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Travel can be really exciting, but it can also expose you to foreign germs and diseases that your body isn’t used to fighting off. To protect yourself, it’s best to build your own travel medicine kit before heading off on your trip to prepare you for an emergency or a pesky bout of illness. We put together our own DIY travel medicine kits to cover us on our most recent adventures, and we wanted to share what we put in them with you today!
The most important thing about travelling with medication is knowing your destination’s laws. Some countries have strict rules about what medications you can bring into the country, and others may not allow certain medicines at all. Also, some countries may require you to get special permission from the embassy before entering. Make sure you know where you’re headed and do your research on their customs before travelling.
The next thing to consider is the duration of your travels. If it’s only for the weekend, then it might be feasible to carry around your medication in its original packaging without worrying too much about space or weight limitations. However, if you’ll be travelling for more than three weeks, then it’s worth considering purchasing a travel-sized container to pack everything inside. If you look through the Chemist Warehouse catalogue, you’ll find all the medications you need in various sizes.
Remember that different types of medication should never be mixed up! Keep them separate so that they don’t interact with each other while travelling. As far as packing goes, the best way to organise your travel kit is by dividing it into three categories:
- Over-the-counter (OTC) medications;
- Prescription medications; and medical supplies like syringes, needles, bandaids, and antiseptic wipes.
- You may also want to include vitamins or anything else necessary for maintaining a healthy lifestyle during your travels.
If you need medication for an ongoing condition, then make sure you take enough for the entire duration of your trip. If possible, carry a spare supply with you, just in case. That way, you won’t find yourself stuck without medication because of a delivery mix-up or delayed package. You may also have to consult your doctor before travelling about switching some prescriptions, so they’re more readily available abroad. For example, some medications that require refrigeration may not work when taken abroad, where power is unreliable.
How To Put Together A Diy Travel Medicine Kit
Before you embark on your next trip, it’s a good idea to put together your own DIY travel medicine kit to keep with you at all times. If you get sick and need medical attention, you’ll want to be prepared with the proper information and resources to help avoid any confusion or misdiagnosis.
The following list will help you put together the perfect DIY travel medicine kit so you can remain healthy and happy while on the road!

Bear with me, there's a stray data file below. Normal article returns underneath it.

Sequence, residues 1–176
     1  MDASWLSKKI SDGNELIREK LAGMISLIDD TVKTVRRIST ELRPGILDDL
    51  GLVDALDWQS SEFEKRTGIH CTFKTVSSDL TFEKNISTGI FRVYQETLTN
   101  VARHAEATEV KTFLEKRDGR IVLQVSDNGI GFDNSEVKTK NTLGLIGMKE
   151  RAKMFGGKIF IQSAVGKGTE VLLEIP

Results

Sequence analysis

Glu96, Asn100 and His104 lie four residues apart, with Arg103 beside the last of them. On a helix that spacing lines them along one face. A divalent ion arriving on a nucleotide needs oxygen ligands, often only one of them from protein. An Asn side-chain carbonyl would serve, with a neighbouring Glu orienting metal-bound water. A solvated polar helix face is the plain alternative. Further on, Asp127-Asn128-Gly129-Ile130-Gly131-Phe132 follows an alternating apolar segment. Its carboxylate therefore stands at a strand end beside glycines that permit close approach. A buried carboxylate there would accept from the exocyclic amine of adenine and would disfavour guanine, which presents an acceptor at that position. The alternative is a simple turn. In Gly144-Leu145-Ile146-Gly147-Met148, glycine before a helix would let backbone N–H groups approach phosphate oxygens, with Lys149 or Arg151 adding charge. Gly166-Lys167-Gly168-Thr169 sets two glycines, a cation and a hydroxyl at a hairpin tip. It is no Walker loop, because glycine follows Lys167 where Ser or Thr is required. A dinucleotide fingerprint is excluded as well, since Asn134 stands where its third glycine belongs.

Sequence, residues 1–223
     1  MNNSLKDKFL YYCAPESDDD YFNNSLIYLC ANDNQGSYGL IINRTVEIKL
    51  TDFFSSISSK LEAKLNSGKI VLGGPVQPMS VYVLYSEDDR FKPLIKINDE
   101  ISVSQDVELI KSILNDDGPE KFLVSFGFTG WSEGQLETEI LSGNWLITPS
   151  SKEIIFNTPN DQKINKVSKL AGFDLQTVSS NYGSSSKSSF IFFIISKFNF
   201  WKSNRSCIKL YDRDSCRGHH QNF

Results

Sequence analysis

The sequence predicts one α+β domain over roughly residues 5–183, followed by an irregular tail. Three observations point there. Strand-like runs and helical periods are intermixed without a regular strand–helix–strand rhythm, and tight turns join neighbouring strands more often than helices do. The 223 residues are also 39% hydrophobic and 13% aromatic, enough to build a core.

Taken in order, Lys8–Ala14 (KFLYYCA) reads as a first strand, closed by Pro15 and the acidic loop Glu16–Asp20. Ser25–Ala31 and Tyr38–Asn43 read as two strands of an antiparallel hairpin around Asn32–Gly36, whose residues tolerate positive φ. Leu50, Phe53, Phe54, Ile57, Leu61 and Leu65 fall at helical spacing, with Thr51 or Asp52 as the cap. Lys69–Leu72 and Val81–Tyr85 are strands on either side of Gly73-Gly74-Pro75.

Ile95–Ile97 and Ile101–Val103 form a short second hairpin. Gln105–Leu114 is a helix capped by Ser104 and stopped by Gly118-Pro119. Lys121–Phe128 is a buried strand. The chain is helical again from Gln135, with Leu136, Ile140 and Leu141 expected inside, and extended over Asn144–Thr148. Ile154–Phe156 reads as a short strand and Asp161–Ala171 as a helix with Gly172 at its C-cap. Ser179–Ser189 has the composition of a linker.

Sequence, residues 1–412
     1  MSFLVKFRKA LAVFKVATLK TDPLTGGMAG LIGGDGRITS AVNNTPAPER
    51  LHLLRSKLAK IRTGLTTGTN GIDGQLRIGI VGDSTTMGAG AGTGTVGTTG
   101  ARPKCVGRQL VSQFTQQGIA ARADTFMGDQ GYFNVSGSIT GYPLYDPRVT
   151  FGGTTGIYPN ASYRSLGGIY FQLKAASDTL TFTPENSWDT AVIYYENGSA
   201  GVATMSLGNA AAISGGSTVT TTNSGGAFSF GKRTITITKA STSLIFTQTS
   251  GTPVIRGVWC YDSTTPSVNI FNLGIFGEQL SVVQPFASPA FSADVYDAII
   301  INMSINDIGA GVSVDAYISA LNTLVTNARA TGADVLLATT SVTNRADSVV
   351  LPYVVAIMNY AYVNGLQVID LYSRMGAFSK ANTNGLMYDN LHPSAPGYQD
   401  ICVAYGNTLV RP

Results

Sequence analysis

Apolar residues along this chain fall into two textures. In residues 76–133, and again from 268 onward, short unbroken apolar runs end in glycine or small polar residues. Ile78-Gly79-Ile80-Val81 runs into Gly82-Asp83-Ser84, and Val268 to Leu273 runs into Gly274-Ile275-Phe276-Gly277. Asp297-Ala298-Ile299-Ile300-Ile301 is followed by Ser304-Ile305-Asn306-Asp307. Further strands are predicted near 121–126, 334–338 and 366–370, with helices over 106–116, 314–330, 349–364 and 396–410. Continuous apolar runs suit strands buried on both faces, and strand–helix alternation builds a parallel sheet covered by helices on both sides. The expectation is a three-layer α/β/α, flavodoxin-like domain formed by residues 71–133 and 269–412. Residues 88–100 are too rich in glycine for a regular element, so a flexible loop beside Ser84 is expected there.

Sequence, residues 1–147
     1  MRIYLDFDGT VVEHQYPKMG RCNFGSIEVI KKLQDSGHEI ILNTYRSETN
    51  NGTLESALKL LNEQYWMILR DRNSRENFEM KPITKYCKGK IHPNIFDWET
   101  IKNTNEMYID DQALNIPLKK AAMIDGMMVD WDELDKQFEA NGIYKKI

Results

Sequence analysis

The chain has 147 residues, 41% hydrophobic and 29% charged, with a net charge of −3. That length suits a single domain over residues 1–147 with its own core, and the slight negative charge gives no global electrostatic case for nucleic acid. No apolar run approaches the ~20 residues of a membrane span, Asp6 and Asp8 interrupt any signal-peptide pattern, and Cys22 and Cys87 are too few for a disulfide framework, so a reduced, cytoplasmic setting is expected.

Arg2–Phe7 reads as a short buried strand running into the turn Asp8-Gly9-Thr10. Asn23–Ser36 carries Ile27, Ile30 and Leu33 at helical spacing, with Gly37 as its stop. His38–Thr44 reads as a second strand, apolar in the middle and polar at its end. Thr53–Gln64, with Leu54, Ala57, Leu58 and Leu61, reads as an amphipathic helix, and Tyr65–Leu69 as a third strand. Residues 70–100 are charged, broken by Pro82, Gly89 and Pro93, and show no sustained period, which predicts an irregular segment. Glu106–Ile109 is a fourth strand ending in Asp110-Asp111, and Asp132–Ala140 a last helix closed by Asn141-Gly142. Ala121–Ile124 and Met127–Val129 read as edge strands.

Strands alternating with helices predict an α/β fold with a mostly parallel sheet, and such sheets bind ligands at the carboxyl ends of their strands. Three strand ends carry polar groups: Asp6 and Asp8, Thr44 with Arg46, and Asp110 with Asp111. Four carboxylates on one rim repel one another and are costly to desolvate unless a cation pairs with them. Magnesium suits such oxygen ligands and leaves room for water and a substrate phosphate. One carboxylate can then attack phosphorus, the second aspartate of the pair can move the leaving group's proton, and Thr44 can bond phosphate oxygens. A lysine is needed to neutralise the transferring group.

1. Essential Medicine
Travelling with medication to Europe can be confusing. Bringing your medication with you is not only important for your health but necessary by law in most countries. You may need prescriptions or travel medications such as antimalarials, antibiotics, and anti-epileptic medicines. Different rules could apply depending on the type of medication and the country
you are visiting. Make sure you do your research before packing! To avoid confusion and ensure safety, it’s best to take out travel insurance when travelling abroad. One more thing: pack a copy of your prescription!
2. Ointment And Antiseptic
A good general rule is that an ointment and an antiseptic should be present in any first aid kit, whether you are treating injuries or just travelling. This will help not only with cuts and scrapes, but it also helps prevent infections while you are travelling. We
recommend Tiger Balm (or a similar ointment) for this because it has two uses. It can be used as an ointment for cuts, burns, and insect bites/stings when applied externally; it also acts as a heating pad for muscle aches when applied to the chest or abdomen.
Be sure to pack painkillers such as ibuprofen, paracetamol, and aspirin. These will help relieve aches and pains from sore muscles or headaches. Make sure you pack enough for your whole trip, as well as any travel days in between. If you have the space, it might be worth packing an extra few days of medication just in case you need it. Don’t forget that if you’re travelling with medication, there are some additional things to consider when travelling abroad. For example, many medicines are not available without a prescription in Europe. If the closest pharmacy does not stock what you need, then they may order for you, but this could take up to two weeks. Also, add an anti-diarrhoea treatment (e.g., Imodium) and antibiotics, just in case.
While travelling, you may encounter pathogens and illnesses that your body is not accustomed to fighting off. It is best to assemble your own travel medicine kit for protection. Understand the restrictions on what medications you can and cannot bring into the country at your destination. Remember, some medicines that need refrigeration might not work after you’ve travelled a long distance with them. Prescriptions or over-the-counter medications for travel, such as antimalarials, antibiotics, and anti-epileptic drugs, might be required. We hope our list will assist you in putting together the ideal DIY travel medicine kit so you can stay healthy and content while travelling.